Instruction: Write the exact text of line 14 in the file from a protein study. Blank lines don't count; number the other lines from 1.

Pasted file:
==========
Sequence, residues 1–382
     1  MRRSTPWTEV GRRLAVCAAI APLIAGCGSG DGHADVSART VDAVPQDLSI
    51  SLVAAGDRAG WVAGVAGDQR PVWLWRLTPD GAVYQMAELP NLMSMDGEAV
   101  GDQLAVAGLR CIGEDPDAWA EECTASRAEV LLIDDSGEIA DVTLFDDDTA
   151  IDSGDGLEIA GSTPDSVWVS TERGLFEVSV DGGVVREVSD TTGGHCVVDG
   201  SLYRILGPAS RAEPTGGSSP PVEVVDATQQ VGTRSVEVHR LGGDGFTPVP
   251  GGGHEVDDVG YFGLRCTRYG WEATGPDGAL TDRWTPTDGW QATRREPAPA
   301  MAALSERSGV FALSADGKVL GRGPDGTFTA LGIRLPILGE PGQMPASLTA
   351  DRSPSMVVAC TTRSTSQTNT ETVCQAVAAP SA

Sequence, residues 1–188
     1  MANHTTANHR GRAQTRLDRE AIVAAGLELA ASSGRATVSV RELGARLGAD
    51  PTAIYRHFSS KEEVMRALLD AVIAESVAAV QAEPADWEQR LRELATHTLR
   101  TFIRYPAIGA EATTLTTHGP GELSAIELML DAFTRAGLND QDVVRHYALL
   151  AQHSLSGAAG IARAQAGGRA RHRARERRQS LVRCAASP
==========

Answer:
   151  AQHSLSGAAG IARAQAGGRA RHRARERRQS LVRCAASP